What is Corvert?
Corvert is an anti-arrhythmic heart medication that corrects certain conditions of irregular heart rhythm.
Corvert is used to help keep the heart beating normally in people with certain heart rhythm disorders of the atrium (the upper chambers of the heart that allow blood to flow into the heart). This medicine is used in people with atrial fibrillation or atrial flutter.
Corvert may also be used for purposes not listed in this medication guide.
Corvert can cause life-threatening irregular heart rhythms. Your heart rate will be constantly monitored using an electrocardiograph or ECG (sometimes called an EKG) so that any further problems can be treated quickly.
Before taking this medicine
You should not receive this medication if you are allergic to Corvert.
If possible, tell your doctor if you have taken a heart rhythm medication within the past 4 hours before receiving Corvert.
To make sure Corvert is safe for you, tell your doctor if you have congestive heart failure.
FDA pregnancy category C. It is not known whether Corvert will harm an unborn baby. Tell your doctor if you are pregnant.
It is not known whether ibutilide passes into breast milk or if it could harm a nursing baby. Tell your doctor if you are breast-feeding a baby.
In an emergency situation it may not be possible to tell your caregivers about your health conditions, or if you are pregnant or breast feeding. Make sure any doctor caring for you afterward knows you have received Corvert.
How is Corvert given?
Corvert is injected into a vein through an IV. A healthcare provider will give you this injection.
Corvert can cause life-threatening irregular heart rhythms. Your heart rate will be constantly monitored using an electrocardiograph or ECG (sometimes called an EKG) so that any further problems can be treated quickly. Cardiac emergency equipment will also be kept nearby in case it is needed to treat you.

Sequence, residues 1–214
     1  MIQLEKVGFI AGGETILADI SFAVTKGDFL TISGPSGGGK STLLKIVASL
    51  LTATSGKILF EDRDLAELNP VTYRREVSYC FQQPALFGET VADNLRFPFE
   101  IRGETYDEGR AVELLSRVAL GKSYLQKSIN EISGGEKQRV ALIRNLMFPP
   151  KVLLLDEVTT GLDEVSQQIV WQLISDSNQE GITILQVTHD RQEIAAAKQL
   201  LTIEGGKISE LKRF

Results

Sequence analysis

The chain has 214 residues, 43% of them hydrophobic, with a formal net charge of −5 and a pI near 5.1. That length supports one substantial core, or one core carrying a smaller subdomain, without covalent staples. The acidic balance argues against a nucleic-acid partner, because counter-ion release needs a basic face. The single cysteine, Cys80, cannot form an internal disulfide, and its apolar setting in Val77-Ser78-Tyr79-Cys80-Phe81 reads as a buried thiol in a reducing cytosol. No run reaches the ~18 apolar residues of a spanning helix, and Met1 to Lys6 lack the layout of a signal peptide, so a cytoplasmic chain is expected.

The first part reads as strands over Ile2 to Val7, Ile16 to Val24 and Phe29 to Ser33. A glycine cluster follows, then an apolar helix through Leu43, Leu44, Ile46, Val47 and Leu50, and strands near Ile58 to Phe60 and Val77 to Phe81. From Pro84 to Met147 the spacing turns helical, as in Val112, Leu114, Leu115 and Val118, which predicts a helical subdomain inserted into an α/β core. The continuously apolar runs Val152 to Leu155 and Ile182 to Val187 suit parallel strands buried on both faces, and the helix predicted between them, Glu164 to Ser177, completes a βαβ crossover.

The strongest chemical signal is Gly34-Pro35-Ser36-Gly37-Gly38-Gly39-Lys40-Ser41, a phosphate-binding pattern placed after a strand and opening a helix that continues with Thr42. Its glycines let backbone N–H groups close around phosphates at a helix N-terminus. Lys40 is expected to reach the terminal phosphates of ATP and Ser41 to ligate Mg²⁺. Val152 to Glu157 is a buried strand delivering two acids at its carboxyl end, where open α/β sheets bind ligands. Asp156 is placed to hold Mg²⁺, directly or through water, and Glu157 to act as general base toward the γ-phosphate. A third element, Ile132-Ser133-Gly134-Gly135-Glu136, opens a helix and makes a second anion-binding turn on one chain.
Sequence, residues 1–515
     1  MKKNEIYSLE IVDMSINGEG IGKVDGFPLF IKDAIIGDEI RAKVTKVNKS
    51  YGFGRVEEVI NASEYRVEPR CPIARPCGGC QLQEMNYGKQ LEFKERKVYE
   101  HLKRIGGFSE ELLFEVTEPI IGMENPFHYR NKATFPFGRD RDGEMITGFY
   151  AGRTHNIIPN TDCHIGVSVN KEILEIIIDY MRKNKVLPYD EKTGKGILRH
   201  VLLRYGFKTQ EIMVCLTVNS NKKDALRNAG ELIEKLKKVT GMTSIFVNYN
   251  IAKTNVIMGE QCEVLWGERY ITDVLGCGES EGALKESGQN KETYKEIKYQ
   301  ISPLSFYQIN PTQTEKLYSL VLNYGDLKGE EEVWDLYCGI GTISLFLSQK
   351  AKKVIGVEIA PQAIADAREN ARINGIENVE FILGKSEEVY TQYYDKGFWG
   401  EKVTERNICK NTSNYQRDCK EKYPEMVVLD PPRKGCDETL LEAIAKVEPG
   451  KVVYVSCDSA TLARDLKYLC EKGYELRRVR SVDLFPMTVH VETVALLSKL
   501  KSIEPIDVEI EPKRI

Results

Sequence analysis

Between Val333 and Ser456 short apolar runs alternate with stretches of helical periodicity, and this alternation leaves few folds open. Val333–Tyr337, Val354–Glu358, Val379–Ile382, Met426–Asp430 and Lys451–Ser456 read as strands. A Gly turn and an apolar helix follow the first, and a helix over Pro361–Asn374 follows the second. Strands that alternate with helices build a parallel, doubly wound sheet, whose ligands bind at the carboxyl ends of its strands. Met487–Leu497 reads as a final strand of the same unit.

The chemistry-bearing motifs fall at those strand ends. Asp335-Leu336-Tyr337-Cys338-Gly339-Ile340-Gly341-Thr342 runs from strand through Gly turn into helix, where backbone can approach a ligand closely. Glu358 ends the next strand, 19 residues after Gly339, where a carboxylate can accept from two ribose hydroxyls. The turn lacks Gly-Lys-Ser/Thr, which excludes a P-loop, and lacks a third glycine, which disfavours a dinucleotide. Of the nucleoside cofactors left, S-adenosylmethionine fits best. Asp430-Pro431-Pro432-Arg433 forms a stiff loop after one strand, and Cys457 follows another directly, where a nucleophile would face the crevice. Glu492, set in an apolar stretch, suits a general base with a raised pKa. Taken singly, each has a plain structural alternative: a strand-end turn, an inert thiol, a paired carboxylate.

Heart monitoring may continue for several hours after you have stopped receiving Corvert.
What happens if I miss a dose?
Because you will receive Corvert in a clinical setting, you are not likely to miss a dose.
What happens if I overdose?
Since this medication is given by a healthcare professional in a medical setting, an overdose is unlikely to occur.
What should I avoid after receiving Corvert?
Follow your doctor's instructions about any restrictions on food, beverages, or activity.
Corvert side effects
Get emergency medical help if you have any of these signs of an allergic reaction: hives; difficult breathing; swelling of your face, lips, tongue, or throat.
Tell your caregivers at once if you have:
shortness of breath; or
a light-headed feeling, like you might pass out.
Common side effects of Corvert may include:
mild headache; or
This is not a complete list of side effects and others may occur. Call your doctor for medical advice about side effects. You may report side effects to FDA at 1-800-FDA-1088.
What other drugs will affect Corvert?
Tell your doctor if you have taken a heart rhythm medication within the past 4 hours. This includes:
Tell your doctor about all medicines you use, and those you start or stop using during your treatment with Corvert, especially:
an antibiotic--azithromycin, clarithromycin, erythromycin; cancer medicine--arsenic trioxide, degarelix, nilotinib, toremifene, vandetanib, vemurafenib; medicine to treat mental illness--iloperidone, pimozide, thioridazine, ziprasidone.
This list is not complete. Other drugs may interact with ibutilide, including prescription and over-the-counter medicines, vitamins, and herbal products. Not all possible interactions are listed in this medication guide.
Where can I get more information?
Remember, keep this and all other medicines out of the reach of children, never share your medicines with others, and use this medication only for the indication prescribed.
More about Corvert (ibutilide)
- Check interactions
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- Side effects
- Dosage information
- During pregnancy
- Generic availability
- Drug class: group III antiarrhythmics
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